Please, document everything you can. This doesn’t mean writing playbooks–your VP Sales/CRO can do that. It means ensuring that you have an accessible record of what your customer interactions have been to date:

  • Common objections and how you’ve overcome these
  • Who tends to get involved in deals
  • Where you’ve failed in the past
  • What messaging you’ve used to date 
  • Use cases
  • Where/why customers have churned
  • How long deals have taken to close in the past
  • What steps had to occur in these initial deals
  • Product FAQs

A great VP will be able to use you as a very expensive Solutions Engineer initially then have this to run with as they enable the team to formalise processes. Then they’ll add to this, shape it and create frameworks and playbooks to standardise and create repeatability.

Fifth: Invest in a coach and/or mentor and training

You’ve just spent probably $£thousands to hire this person who will own the sales growth of your business. Spend a few more to support them.

For VP Sales, I’m a big believer (especially for smaller companies) in hiring for potential. I’ve seen time and again that given the chance, great Directors or Regional VPs have something to prove and will fight hard to swim up. But that also requires investing in them to support, train and mentor. Some of my best sales leaders were the ones who I took a chance on and either promoted or hired into a bigger role.

Who do you have in your network that you admire how they’re performing? Do your investors have access to other GTM experts that they can connect this person with?  Notion has a robust programme to provide access to other GTM experts, and I’m sure other VCs do as well.  Ensuring this person has access to other sales leaders to learn from, bounce ideas off and to hear new ideas that are working for others is a key driver of success.

Imposter syndrome is very real, for both men and women, especially when someone is taking on a big new role, which this will be for them. Getting a coach to help talk through it can be extraordinarily helpful. I’ve had HR leaders say that they’re a qualified coach, and didn’t understand why I was reluctant to have my newly promoted sales leaders speak about their insecurities and weaknesses with the head of HR. I’ve also had HR send out messages about offering coaching, then a few weeks later an email to confirm that nothing said was to be considered confidential. Shockingly, the takeup dropped off. Get a coach or a mentor entirely outside of the company so there can be real conversations please. This will help your sales leader think bigger, gain strategies to deal with the stress of leading revenue and ultimately be a happier and more productive leader.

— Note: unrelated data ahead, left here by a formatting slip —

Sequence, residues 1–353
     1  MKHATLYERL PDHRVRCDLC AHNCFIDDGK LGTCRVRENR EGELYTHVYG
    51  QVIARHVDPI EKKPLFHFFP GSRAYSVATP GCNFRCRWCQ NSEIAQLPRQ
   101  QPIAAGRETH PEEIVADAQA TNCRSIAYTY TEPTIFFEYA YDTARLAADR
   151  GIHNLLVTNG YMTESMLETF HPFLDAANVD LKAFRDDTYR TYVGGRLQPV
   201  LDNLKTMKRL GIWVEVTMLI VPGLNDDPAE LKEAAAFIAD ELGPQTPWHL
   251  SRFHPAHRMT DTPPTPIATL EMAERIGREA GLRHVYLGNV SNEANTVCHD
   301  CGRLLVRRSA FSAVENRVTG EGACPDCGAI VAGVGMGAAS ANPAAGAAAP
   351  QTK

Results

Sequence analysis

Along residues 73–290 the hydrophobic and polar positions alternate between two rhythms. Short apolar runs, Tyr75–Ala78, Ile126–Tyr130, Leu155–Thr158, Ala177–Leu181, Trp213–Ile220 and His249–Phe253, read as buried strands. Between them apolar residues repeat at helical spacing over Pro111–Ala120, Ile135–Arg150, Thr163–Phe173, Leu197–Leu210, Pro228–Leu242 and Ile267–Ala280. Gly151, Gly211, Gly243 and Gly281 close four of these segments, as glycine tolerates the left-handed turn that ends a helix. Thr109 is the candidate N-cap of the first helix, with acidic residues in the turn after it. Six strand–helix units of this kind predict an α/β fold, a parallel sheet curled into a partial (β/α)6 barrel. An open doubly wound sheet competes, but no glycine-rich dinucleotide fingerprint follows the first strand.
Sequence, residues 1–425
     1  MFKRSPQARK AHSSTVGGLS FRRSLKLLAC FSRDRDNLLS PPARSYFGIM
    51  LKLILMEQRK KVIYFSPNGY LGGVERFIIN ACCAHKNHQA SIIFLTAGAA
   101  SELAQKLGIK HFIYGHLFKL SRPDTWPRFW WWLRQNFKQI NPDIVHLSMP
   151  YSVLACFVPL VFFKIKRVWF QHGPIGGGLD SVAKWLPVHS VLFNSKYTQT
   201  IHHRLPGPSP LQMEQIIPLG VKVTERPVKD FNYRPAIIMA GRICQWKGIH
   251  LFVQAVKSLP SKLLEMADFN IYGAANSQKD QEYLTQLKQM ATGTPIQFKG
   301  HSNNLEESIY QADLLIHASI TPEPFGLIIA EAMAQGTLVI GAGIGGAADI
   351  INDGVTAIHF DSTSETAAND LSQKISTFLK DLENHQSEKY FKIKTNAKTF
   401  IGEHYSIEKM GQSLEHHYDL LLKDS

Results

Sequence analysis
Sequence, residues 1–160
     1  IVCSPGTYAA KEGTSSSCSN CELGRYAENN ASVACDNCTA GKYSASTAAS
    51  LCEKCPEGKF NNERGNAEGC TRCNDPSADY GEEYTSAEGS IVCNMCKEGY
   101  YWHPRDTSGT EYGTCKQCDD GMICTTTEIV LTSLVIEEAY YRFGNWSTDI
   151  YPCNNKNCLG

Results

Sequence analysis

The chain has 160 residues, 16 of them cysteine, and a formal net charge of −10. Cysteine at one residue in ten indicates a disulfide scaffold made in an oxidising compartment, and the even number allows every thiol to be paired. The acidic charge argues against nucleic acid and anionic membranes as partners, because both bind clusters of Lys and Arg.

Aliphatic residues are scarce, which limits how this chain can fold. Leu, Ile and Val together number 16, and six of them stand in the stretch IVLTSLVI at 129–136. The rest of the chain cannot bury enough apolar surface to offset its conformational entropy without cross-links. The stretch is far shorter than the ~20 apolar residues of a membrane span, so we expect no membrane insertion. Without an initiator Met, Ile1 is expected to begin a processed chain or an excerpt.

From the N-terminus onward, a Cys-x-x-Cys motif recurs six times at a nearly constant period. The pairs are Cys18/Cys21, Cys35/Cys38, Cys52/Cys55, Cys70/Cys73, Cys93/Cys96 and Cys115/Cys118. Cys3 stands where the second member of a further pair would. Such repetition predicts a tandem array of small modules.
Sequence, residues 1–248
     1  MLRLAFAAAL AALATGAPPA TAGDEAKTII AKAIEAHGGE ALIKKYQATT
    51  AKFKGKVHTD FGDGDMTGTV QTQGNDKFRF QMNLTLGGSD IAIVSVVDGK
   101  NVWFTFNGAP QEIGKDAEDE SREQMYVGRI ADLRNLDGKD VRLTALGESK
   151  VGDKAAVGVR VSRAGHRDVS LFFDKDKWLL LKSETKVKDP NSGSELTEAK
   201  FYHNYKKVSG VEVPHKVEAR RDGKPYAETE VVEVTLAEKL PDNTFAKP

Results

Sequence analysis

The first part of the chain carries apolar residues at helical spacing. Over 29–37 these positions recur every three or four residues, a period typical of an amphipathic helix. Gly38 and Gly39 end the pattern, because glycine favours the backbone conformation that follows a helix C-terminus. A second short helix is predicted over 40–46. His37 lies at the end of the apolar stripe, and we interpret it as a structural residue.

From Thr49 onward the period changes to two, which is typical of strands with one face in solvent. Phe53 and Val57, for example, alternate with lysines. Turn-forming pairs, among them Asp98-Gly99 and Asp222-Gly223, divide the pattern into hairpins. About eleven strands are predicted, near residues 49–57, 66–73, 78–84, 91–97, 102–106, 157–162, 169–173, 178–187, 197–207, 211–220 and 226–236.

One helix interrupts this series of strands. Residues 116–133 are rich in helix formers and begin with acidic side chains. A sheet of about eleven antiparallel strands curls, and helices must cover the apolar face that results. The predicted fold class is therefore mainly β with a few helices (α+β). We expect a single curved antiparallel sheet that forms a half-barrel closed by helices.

Investing in training is also a no-brainer, that I see often for ICs but rarely for management. Sales coaching isn’t always intuitive–asking for details of close dates, value, probability isn’t coaching, it’s a pipeline review. This is an investment that always pays off—and is so rarely offered.

In sum: 

I hate to say this but success often hinges on the founder’s preparedness. Why did it go wrong? The candidate was hired for the wrong role, they had an entirely different expectation of what they were walking into, or they weren’t set up for success.

I can’t guarantee that your next-first-sales-leader will knock it out of the park, but hopefully you’ll at least not hire that candidate that never had a chance.